Cyber heroine set to push science for girls
Digital entertainment company XPT has won £90,000 to create a “funky cyber heroine” studying physics at university to get more girls interested in science. The National Endowment for Science Technology and the Arts funded the online project as part of the government’s science year.
Harvard retains ‘most selective’ title
Harvard has retained its place as the most selective of the Ivy League institutions in the US this year. It took only 10.5 per cent of applicants for its four-year undergraduate courses starting in September, the lowest amount in its history.
Is the title of professor as prestigious as it was, or are universities awarding it inappropriately to big names in order to attract students?
GP shortage despite high number in training
Thousands of GPs are refusing to take on new patients because of the shortage of family doctors and the growing workload, despite government claims that there are more GPs in the National Health Service and in training than ever before.
Aids vaccine claim
Researchers at Maryland University’s Institute of Virology claim to have a vaccine against Aids that has produced encouraging results in tests on monkeys.
Honey is bee’s knees for your heart
Honey may be as good at fighting heart disease as some fruits and vegetables, researchers from the University of Illinois have found.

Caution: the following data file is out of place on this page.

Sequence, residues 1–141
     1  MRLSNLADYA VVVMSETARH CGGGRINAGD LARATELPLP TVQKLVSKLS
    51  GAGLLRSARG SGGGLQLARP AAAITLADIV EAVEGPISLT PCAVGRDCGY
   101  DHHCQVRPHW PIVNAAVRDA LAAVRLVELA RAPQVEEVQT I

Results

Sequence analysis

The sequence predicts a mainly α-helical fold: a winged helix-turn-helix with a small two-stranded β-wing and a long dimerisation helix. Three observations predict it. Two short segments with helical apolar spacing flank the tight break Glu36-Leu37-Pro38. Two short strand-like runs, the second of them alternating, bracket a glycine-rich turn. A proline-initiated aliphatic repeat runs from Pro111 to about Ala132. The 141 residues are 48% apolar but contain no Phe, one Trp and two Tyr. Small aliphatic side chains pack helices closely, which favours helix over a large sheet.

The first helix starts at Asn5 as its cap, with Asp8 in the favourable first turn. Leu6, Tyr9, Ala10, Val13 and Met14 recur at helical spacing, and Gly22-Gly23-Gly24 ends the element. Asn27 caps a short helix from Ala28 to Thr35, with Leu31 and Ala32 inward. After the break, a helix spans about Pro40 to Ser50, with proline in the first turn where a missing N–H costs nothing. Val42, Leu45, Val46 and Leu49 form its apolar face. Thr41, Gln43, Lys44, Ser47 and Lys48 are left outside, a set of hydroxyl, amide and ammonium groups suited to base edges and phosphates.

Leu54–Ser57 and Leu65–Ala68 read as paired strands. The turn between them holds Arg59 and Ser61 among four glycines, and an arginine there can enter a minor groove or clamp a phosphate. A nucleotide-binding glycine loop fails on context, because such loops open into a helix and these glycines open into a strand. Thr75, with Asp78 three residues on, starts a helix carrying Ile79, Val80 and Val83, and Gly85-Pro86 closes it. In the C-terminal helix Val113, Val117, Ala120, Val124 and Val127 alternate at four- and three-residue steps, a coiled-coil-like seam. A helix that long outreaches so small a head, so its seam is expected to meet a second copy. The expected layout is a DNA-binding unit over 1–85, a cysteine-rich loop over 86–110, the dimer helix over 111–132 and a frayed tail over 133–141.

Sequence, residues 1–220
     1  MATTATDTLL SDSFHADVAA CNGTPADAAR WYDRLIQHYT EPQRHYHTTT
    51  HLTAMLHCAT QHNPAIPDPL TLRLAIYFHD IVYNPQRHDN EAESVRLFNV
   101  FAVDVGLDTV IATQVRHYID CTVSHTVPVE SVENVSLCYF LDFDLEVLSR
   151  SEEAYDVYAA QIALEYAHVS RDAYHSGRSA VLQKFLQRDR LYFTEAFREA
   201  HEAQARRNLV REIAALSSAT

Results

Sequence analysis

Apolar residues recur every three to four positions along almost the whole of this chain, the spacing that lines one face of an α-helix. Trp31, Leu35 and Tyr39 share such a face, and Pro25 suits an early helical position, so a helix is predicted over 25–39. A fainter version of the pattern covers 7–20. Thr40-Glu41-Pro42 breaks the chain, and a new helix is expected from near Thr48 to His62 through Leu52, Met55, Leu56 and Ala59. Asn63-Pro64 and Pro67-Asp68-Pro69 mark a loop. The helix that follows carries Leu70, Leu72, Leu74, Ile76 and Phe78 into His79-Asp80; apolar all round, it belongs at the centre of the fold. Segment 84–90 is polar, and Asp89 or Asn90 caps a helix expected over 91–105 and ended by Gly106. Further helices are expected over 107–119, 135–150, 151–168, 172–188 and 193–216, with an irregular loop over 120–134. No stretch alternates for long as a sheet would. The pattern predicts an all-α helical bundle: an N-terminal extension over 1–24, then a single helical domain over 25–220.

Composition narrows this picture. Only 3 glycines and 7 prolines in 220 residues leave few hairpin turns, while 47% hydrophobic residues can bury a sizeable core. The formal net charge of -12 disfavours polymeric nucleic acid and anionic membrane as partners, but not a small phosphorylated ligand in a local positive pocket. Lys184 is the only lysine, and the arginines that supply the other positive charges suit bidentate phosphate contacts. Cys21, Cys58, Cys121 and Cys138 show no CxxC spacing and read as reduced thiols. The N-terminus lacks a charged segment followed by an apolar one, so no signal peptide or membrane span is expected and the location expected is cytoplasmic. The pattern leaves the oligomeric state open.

(Daily Telegraph, Times, Independent)
Mushrooms may fight cancer
Exotic fungi such as shiitake and oyster mushrooms could provide a powerful new weapon in the fight against cancer, according to analysis of research in the Far East.
(Daily Telegraph, Guardian)
Kilometre-tall power tower approved
Plans for a one-kilometre tall "Solar Tower" that would provide clean energy for up to 200,000 homes have been approved by the Australian government. But some environmental campaigners are questioning the practical benefits of the scheme. (New Scientist)
Urban sprawl creates unwilling neighbours
Cities are a sprawling mess because the benefits of tapping into existing infrastructure compete with the drawbacks of high land costs in built-up areas. So suggests a new model that could help predict future urban expansion. (Nature)
New uses for a dead lobster
Crab, lobster and prawn shells usually end up in the dustbin. Now scientists have converted this waste into a useful, biodegradable industrial product. Enzymes can convert a substance derived from crustacean shells, called chitosan, into a thickening agent, say Gregory Payne and his colleagues at the University of Maryland in Baltimore. This substance could find uses in paint manufacture, food and cosmetics. (Nature)